The 4001 came along when I needed a bass. I always liked the look of a Rickenbacker bass, just like the guitars, and was looking for one or a Musicman at the local pawn shops. I found a beat up one in Fireglow that matched the 360 except it had pinstriped binding. I added my initials to the 2 names under the pick guard. Years later I came across a book about the Austin punk scene and saw a picture of my bass. The name of the guy playing it matched one of the names under the pick guard and there is a thumb gouge along the top of it that matched as well. My 4001 had some punk cred.

I found the 1991 a few years ago. I’m not getting any younger and I still had never had that double bound 360 with toaster pickups that I had coveted since playing my friend’s so many years ago. I mentioned it to a friend and he told me about one hanging in a local guitar shop. I stopped in the that day and bought it just before closing. It is the 360 that I always wanted. It seems to be lighter and more jangly than the carved top 360 that I had earlier and the neck feels slightly thinner, but maybe I am just misremembering. It has the look and sound that was always in my head and now it’s in my hands.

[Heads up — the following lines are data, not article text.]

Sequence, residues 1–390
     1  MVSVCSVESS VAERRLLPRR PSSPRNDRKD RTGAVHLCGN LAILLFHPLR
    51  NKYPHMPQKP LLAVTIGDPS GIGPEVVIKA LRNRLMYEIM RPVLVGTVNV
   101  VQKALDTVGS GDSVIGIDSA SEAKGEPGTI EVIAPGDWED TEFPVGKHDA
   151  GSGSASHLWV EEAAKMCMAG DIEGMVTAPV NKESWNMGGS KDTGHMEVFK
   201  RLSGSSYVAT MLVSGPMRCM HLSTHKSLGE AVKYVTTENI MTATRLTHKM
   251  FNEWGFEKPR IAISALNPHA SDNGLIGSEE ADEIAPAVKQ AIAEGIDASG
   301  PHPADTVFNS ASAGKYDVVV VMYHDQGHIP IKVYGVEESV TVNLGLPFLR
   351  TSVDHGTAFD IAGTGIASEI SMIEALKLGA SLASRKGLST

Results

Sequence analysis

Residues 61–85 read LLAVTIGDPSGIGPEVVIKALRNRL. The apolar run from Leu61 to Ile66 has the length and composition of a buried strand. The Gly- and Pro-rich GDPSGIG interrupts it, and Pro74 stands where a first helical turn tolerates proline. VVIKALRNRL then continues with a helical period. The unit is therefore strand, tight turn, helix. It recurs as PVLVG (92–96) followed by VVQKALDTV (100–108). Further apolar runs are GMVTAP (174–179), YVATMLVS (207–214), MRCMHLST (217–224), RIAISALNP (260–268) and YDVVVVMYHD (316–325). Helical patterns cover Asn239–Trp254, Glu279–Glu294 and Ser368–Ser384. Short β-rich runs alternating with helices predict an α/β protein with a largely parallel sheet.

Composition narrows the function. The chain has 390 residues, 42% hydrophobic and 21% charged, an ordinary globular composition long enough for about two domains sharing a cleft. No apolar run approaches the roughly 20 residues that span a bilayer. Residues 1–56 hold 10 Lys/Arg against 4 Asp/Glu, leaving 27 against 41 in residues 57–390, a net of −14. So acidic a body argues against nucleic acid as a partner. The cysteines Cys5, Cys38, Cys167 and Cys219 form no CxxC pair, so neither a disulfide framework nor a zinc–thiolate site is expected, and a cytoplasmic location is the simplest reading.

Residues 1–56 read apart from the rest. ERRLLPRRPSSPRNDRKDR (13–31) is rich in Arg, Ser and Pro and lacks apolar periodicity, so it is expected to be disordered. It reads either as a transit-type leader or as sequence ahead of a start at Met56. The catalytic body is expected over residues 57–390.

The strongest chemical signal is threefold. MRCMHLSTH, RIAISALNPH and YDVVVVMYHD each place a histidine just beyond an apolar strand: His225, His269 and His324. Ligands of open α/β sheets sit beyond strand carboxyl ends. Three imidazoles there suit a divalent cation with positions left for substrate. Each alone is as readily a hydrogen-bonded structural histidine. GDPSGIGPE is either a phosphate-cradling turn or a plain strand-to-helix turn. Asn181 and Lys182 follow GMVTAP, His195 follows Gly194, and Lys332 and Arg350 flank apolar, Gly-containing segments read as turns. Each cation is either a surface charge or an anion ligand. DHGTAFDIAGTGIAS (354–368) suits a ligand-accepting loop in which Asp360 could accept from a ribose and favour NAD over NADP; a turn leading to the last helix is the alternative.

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Re: The Rickenbacker thread

Post by jakeisjake » Sat Apr 27, 2019 8:32 am

TinyEv wrote:
Sat Apr 27, 2019 7:07 am

You'd be replacing a guitar that can do a number of different sounds for a guitar that has one very specific sound.
Truth...I've told myself (and my family), no matter what I think in a moment of weakness, I cannot sell the Jaguar. It is the singularly coolest guitar I can ever own. someday the timing will be right for one of those Rics.
Bert Camenbert wrote:
Sat Apr 27, 2019 7:03 am